Stitching is a hot topic this month, with two exhibitions opening this month in London: Magna Carta (An Embroidery) by Cornelia Parker and Colin and Helen David: Not only when the moon shines: The Living Quarter.
Anne Tilby, one of our regular contributors to this magazine on a variety of subjects, has written a feature on her website, Big Frieze entitled Stitch in Time that looks at the detail of the exhibits and their topicality.
A mixed media designer and artist, Tilby is an experienced production set and costume designer for film, tv, theatre and opera has produced an impressive body of work during her career.
We love her work which always seems to have a startling, unexpected and wry flavour, witness her images of live models dressed in food, or her series of painted bottoms, or her image using fag ends, or perhaps her highly amusing images of Julian Clary, or her latest work Tortured Soles, an art rant about western foot-binding.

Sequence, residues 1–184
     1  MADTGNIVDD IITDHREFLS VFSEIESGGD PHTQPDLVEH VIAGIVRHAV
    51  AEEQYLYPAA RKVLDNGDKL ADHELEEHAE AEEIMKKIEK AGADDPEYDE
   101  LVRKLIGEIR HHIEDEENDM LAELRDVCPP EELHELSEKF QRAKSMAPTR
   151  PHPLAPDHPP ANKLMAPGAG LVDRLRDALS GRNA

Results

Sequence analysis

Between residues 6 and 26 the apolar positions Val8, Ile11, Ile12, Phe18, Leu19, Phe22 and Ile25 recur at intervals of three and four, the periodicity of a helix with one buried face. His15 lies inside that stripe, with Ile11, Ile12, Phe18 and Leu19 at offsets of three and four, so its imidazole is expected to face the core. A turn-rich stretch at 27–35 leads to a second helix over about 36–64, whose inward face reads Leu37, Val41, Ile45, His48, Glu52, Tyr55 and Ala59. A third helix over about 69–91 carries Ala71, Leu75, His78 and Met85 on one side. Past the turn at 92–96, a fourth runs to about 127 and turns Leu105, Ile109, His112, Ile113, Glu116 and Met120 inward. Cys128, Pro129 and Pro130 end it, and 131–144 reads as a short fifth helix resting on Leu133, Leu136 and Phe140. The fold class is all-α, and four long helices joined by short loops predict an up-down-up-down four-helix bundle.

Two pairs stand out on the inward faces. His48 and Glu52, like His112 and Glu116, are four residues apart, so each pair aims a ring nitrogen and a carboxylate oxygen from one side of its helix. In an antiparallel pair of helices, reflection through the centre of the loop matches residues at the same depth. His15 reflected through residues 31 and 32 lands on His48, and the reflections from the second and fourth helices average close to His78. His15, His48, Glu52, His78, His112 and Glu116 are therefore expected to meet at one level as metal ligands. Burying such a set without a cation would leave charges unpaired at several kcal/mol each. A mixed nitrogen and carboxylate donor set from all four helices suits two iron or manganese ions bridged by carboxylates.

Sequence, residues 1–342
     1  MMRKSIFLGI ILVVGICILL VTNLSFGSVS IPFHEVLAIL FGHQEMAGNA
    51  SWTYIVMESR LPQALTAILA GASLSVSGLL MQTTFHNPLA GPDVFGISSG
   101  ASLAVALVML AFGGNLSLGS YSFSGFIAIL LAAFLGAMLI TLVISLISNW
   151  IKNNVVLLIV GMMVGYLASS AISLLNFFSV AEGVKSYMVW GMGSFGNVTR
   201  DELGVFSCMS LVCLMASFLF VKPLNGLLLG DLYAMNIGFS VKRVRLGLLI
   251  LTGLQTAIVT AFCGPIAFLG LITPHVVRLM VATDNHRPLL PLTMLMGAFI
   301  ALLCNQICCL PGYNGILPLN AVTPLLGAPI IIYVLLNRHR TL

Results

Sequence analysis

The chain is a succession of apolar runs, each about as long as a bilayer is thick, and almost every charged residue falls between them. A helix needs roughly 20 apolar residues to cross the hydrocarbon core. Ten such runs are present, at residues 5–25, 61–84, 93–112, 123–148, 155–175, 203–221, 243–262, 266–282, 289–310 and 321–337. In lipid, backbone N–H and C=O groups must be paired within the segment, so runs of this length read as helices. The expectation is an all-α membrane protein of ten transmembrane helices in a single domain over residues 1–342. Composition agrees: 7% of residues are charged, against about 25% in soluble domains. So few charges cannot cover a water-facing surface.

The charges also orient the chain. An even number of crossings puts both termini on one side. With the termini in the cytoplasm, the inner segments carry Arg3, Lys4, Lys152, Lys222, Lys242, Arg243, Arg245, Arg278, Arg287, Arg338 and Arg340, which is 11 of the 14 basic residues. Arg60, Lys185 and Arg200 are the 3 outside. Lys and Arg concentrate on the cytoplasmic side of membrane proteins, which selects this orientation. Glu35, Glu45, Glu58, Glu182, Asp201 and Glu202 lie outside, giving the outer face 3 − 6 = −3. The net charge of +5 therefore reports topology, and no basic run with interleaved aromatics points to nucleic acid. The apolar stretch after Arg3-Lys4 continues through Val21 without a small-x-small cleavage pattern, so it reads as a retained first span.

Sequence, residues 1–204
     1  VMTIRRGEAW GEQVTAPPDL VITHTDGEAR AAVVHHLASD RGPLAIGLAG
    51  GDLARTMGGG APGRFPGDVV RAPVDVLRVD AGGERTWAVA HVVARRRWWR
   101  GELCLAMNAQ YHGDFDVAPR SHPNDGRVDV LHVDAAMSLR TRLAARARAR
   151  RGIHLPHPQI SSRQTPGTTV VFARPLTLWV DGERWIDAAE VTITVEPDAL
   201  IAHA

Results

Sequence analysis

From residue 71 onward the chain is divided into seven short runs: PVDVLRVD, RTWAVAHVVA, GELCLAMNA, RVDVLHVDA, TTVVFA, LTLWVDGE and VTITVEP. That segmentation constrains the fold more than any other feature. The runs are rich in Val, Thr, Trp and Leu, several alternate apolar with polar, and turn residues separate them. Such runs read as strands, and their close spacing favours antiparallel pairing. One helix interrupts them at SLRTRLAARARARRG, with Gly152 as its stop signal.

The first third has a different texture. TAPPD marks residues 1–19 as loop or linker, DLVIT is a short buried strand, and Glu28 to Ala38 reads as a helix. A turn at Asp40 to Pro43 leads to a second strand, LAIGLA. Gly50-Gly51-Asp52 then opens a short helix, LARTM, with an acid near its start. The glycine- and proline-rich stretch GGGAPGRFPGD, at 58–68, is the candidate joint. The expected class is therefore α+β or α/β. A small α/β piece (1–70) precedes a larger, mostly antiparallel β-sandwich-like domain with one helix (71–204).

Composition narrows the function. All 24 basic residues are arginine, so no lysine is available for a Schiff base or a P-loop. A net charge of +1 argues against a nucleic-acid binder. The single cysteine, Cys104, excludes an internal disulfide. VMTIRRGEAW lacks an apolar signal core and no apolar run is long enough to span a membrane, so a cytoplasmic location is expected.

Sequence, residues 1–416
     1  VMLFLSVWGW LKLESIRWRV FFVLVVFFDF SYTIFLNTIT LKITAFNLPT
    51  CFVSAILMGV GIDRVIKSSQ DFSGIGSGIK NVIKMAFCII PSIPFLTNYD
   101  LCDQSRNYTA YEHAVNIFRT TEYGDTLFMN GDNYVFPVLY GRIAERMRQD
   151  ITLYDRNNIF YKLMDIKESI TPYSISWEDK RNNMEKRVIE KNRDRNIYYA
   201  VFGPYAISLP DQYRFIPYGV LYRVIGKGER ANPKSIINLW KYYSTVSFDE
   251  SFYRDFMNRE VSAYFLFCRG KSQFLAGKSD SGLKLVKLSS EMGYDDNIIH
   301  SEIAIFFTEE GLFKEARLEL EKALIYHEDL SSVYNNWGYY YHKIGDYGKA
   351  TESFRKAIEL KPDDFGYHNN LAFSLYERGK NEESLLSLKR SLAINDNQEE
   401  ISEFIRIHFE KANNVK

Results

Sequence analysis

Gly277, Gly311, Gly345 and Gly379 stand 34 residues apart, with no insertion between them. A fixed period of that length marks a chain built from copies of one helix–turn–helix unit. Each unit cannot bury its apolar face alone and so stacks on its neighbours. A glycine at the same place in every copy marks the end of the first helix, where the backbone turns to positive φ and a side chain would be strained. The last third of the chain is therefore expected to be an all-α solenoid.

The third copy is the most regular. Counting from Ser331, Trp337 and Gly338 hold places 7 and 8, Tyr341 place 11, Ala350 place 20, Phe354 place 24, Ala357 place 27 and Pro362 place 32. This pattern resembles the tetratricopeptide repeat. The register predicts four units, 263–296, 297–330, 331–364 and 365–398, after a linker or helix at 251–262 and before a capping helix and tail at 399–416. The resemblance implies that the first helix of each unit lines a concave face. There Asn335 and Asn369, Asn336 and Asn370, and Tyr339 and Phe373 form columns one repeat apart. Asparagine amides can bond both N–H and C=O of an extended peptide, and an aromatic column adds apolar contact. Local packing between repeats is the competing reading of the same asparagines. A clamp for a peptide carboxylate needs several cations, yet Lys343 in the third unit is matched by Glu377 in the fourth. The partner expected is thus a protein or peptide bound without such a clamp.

These images and more are on her website.
Val Reynolds, Editor
Photography © Big Frieze
A lot of change has taken place recently in the restaurant sector in London and across the country too.
It used to be that those venturing to the capital for an evening in the theatre, cinema and concert hall would be somewhat restricted in the question of eating beforehand. Several chains and independent restaurants would offer a pre or post – theatre menu (and indeed, many still do) but the options would be a two or three course meal, without or with a glass or more of wine. The problem might be eating a large meal either around 5 or 6pm, or, less likely, one after 10pm. The former may well be too early, the latter too late for the average person.